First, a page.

On Wednesday, July 2nd three staff from LSS Center for New Americans—Solomon from Eritrea, Julia from Russia, and Lwe from Burma—became American citizens following a Naturalization Ceremony at beautiful and historic Mount Rushmore in the Black Hills of South Dakota. After the holiday weekend, I was able to catch up with Solomon, a case aid and Kunama interpreter, and Julia, an English instructor, about their experience.
Solomon arrived in the U.S. as a refugee in 2006. He was 21 years old and attended college in the United States.
“Solomon, why did you want to be an American citizen?”
I am going to live here a long time. It was important to upgrade my [immigration] status. Citizenship can benefit many things…for traveling, participate in voting.
“Does Independence Day mean anything different to you now?”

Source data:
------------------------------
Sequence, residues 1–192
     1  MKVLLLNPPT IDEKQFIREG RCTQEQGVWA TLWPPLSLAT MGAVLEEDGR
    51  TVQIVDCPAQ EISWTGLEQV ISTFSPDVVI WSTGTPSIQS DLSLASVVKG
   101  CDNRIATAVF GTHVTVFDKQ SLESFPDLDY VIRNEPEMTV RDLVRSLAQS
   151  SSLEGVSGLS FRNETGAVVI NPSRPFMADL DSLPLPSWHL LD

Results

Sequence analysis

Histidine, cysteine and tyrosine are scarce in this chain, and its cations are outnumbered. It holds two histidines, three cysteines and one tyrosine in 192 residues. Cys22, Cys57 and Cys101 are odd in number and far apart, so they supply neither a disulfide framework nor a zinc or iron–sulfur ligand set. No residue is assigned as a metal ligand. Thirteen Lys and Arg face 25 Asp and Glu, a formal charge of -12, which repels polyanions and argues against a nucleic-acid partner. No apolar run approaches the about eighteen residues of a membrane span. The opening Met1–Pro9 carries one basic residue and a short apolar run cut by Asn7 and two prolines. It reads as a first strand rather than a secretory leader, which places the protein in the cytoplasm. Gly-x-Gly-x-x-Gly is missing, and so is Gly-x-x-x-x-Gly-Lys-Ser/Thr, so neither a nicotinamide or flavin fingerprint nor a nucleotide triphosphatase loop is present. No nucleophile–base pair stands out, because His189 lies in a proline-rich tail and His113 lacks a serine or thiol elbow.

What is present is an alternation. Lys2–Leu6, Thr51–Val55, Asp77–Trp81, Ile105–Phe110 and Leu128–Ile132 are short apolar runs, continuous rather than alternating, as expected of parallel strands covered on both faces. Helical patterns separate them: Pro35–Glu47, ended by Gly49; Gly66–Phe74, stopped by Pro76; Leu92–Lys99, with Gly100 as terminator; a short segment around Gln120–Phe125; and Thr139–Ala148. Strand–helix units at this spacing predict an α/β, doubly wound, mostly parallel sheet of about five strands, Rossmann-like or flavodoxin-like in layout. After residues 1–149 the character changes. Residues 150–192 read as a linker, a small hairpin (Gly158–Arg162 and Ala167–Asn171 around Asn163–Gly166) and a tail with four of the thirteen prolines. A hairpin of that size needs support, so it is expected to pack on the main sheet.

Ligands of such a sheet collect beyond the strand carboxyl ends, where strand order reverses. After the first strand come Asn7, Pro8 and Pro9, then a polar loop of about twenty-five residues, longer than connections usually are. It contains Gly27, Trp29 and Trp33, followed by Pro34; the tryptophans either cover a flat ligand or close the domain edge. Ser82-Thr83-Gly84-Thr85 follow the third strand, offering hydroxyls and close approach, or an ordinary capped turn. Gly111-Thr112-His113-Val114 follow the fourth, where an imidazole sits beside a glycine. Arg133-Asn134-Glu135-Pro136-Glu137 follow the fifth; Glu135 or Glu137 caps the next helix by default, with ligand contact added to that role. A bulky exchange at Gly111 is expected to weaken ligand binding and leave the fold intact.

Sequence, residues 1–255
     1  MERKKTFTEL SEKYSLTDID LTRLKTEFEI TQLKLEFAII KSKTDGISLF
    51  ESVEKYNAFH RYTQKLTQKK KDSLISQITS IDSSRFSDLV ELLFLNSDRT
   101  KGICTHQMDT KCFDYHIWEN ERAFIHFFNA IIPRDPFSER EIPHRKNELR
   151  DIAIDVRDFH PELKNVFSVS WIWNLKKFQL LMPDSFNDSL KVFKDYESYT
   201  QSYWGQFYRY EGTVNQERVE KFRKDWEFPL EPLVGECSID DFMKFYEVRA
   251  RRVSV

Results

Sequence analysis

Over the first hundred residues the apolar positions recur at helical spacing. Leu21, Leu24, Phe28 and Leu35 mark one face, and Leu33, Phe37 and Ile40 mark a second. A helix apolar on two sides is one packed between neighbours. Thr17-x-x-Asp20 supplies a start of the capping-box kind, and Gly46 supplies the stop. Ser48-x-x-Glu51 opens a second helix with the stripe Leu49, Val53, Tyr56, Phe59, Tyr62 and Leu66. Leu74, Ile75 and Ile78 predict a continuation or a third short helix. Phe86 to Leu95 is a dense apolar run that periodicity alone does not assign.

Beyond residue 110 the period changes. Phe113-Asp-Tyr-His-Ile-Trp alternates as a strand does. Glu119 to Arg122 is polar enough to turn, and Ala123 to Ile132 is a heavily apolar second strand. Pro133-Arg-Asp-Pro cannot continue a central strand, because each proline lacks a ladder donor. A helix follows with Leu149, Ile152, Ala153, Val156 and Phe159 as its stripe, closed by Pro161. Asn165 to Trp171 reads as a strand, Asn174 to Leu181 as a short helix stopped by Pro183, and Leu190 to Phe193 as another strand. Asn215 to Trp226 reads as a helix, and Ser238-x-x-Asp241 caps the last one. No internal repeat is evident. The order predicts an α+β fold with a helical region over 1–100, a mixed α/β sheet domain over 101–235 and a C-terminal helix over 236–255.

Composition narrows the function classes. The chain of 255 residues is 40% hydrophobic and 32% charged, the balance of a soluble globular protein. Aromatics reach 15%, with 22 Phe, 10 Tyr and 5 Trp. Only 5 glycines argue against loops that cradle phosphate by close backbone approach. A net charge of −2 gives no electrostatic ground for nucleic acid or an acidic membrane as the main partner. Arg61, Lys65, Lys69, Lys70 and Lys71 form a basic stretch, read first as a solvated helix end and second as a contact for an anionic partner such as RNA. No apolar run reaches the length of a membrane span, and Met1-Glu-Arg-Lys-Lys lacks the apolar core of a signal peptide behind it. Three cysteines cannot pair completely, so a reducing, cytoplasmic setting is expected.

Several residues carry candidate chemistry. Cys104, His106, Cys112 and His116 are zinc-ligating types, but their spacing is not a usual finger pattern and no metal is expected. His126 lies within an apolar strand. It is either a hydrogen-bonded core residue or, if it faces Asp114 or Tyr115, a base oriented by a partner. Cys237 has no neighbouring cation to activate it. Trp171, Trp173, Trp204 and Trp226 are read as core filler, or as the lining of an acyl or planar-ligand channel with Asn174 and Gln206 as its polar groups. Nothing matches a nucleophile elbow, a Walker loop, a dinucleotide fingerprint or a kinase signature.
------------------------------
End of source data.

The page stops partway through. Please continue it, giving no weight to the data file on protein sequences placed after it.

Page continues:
It is like…a double celebration for me now, you know.
Julia immigrated to the United States from Russia with her husband, a naturalized American citizen from Nicaragua, nine years ago. They have two little girls. Julia shared that her decision to become a United States citizen evolved around her family and their future. “Everyone in my family is an American citizen. World politics are not very stable between our two countries [Russia and the U.S.] and none of us know what will happen in the future. We have to be in the same boat.”
Julia considers the Black Hills one of the most beautiful places on earth and especially enjoyed hiking in them during this last visit. “They are so relaxing. I understand why this area is considered a sacred place to Native Americans. It is so inspiring.”
Her family stayed in the Black Hills for several days taking in Bear Country, the Reptile Gardens, Keystone, and many other sights, but she already has plans for what their next trip will entail. “Caving, if the girls will let us.”
Congratulations Solomon, Julia, and Lwe, our newest Americans!